A single amino acid substitution affects the substrate specificity of the seryl-tRNA synthetase homologue†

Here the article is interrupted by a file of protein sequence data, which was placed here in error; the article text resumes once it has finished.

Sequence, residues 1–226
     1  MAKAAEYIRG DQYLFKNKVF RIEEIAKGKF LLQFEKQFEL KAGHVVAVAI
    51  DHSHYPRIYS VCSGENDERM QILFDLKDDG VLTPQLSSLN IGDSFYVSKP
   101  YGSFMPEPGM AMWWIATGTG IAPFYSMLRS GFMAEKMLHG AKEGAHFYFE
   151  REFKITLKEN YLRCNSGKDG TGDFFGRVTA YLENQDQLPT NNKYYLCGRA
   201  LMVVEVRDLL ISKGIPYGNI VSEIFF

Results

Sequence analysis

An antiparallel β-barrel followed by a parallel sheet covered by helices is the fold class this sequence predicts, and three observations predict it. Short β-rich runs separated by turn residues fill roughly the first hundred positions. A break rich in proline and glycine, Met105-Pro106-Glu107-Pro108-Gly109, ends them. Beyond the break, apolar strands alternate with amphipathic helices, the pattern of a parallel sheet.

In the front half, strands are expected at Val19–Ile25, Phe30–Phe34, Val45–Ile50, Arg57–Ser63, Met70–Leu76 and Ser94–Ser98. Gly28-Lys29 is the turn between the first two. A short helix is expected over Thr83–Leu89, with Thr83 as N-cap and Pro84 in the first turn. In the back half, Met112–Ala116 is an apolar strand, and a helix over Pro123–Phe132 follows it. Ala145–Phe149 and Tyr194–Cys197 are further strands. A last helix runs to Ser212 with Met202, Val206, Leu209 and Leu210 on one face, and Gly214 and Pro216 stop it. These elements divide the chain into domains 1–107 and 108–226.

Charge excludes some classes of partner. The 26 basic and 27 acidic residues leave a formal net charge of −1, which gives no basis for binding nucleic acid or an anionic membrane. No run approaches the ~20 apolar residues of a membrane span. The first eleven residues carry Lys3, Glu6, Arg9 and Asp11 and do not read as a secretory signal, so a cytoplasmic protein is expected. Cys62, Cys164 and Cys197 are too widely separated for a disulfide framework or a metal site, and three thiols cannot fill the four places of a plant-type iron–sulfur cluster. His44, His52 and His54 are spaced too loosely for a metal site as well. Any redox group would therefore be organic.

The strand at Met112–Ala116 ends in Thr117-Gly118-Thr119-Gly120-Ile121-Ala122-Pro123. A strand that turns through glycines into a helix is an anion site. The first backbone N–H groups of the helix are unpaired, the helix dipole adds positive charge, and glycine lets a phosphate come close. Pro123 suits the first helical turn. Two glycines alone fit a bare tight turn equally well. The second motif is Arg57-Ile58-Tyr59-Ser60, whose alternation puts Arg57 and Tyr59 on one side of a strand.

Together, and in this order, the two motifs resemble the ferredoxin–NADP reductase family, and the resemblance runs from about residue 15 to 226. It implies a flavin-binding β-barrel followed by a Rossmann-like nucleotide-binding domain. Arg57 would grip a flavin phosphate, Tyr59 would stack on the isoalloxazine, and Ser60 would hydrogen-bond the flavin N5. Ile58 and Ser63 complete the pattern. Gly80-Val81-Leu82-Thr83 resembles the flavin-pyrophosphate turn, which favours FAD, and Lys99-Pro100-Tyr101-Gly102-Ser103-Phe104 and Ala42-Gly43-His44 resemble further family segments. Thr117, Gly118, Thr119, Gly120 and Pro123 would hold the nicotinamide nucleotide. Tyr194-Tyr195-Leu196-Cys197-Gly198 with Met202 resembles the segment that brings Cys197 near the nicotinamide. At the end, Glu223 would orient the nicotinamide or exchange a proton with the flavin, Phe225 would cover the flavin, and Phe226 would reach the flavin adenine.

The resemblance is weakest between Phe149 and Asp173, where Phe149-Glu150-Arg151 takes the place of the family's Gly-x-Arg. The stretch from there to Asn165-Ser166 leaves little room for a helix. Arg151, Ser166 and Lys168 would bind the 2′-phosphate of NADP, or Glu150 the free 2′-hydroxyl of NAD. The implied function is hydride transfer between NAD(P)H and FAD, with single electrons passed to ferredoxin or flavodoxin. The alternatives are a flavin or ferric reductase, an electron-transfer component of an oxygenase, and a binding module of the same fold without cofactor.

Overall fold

Recently described and characterized Bradyrhizobium japonicum glycine:[carrier protein] ligase 1 (Bj Gly:CP ligase 1), a homologue of methanogenic type seryl-tRNA synthetase (SerRS) is an intriguing enzyme whose physiological role is not yet known. While aminoacyl-tRNA synthetases supply ribosome with amino acids for protein biosynthesis, this homologue transfers the activated amino acid to a specific carrier protein. Despite remarkable structural similarity between the Bj Gly:CP ligase 1 and the catalytic core domain of methanogenic type SerRS, the ligase displays altered and relaxed substrate specificity. In contrast to methanogenic SerRS which exclusively activates serine, the Bj Gly:CP ligase 1 predominantly activates glycine. Besides, it shows low activity in the presence of alanine, but it is incapable of activating serine. The detailed computational study aiming to address this unexpected substrate specificity toward the small aliphatic amino acids revealed the A281G Bj Gly:CP ligase 1 mutant as the most promising candidate with reconstituted catalytic activity toward the larger substrates. The A281G mutation is predicted to increase the active site volume, allowing alanine and serine to establish important hydrogen bonds within the active site, and to adopt an optimal orientation for the reaction. The results were tested by the site-directed mutagenesis experiments coupled with in vitro kinetic assays. It was found that the A281G substitution greatly affects the enzyme specificity and allows efficient activation of both polar and small aliphatic amino acids (serine, glycine and alanine), confirming predictions and conclusions based on molecular dynamics simulations.